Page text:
Embattled Chinese kit maker calls for its removal from US blacklist and takes measures in Australia to ward off copycat brands

The ongoing Huawei saga took a surreal and, let’s face it, welcome detour this week when it emerged the company’s Australian division has been busy trademarking various misspellings of its name.

According to the Sydney Morning Herald, Australia has approved more than 250 trademark applications from Huawei, and the company has a further 70 pending. These include trademarks covering some very questionable interpretations of its name, such as Huawy, Wuawe, and Huawii.

Huawei said in the report that the trademarks will ward off any attempts by imitators that want to apply for patents using a variation on its name. It is standard practice, apparently.

Thing is, these days, imitators are probably aware that an attempt to pass something off as a Huawei invention could land them on a US export blacklist, or see them accused of spying on behalf of the Chinese military. Or both.

In the current climate, they perhaps would be better off trying pull the wool over people’s eyes by using copycat brands like Nokier, or Erecssion. Just a thought.

Unscrupulous spelling mistakes could only serve as a distraction for so long though, because there was no getting too far away from the more pressing issue facing Huawei at the moment, namely whether or not it can get its hands on US-made components.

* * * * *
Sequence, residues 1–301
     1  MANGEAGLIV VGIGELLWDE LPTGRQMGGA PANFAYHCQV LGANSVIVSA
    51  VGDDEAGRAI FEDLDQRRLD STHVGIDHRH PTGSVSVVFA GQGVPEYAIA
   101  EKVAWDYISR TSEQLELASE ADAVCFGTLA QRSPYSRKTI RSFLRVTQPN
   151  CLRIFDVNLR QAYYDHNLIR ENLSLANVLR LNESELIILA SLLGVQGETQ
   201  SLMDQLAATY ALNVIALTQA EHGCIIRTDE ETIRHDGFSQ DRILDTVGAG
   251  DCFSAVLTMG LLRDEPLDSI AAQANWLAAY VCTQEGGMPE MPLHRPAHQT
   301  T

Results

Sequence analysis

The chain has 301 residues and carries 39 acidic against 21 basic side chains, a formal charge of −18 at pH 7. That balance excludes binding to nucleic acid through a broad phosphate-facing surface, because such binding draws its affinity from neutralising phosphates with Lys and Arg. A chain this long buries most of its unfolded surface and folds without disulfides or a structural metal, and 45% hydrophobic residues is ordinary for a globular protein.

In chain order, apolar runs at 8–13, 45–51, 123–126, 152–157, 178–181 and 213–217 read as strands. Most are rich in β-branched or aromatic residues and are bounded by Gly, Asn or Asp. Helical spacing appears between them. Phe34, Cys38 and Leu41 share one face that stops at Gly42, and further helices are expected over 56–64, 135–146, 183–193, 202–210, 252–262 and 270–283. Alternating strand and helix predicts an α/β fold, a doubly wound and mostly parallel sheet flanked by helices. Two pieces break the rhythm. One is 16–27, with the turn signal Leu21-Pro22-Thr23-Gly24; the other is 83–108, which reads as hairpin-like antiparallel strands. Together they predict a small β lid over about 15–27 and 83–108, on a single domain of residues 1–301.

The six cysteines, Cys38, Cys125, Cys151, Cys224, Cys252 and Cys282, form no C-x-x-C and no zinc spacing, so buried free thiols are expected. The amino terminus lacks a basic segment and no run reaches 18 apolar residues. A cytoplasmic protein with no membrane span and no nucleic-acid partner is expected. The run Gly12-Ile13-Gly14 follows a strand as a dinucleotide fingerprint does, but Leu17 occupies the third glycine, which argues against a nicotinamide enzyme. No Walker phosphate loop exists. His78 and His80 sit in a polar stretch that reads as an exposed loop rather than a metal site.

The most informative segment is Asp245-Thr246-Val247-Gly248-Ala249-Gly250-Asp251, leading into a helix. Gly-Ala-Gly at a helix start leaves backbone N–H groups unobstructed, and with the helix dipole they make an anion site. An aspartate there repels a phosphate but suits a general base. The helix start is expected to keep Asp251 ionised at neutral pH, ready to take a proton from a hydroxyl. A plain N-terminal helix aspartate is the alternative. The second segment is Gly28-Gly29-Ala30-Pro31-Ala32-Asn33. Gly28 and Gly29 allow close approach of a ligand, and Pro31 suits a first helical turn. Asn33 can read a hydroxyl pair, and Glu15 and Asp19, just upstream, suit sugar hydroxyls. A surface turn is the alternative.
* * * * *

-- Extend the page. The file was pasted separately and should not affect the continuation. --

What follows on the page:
Following President Trump’s decision in late June to ease the export ban on Huawei, there was confusion after it emerged that the company was still blacklisted.

Giving a speech at an export and security conference this week, Commerce Secretary Wilbur Ross tried to clarify the situation, explaining that his department will issue licences to Huawei suppliers provided it doesn’t constitute a threat to US national security.

Unhelpfully, there was no explanation as to how it is decided which components are safe and which are not. Ross also said that Huawei will remain on the blacklist.

Huawei chairman Liang Hua said in an Associated Press report on Friday that his company has seen "no tangible change" in its dealings with the US since Trump announced the policy change.

He also called for Huawei to be removed from the export blacklist completely, calling its inclusion "unjust and unfair."

However, with the US not prepared to remove Huawei until the conclusion of trade talks with China, Liang could have to wait for quite a while before that happens.

Here’s an idea, maybe Huawei could try to sidestep the restrictions by adopting one of its new Australian trademarks? It’s a long-shot, but maybe Wawei is different enough that those stable geniuses in Washington might not spot it.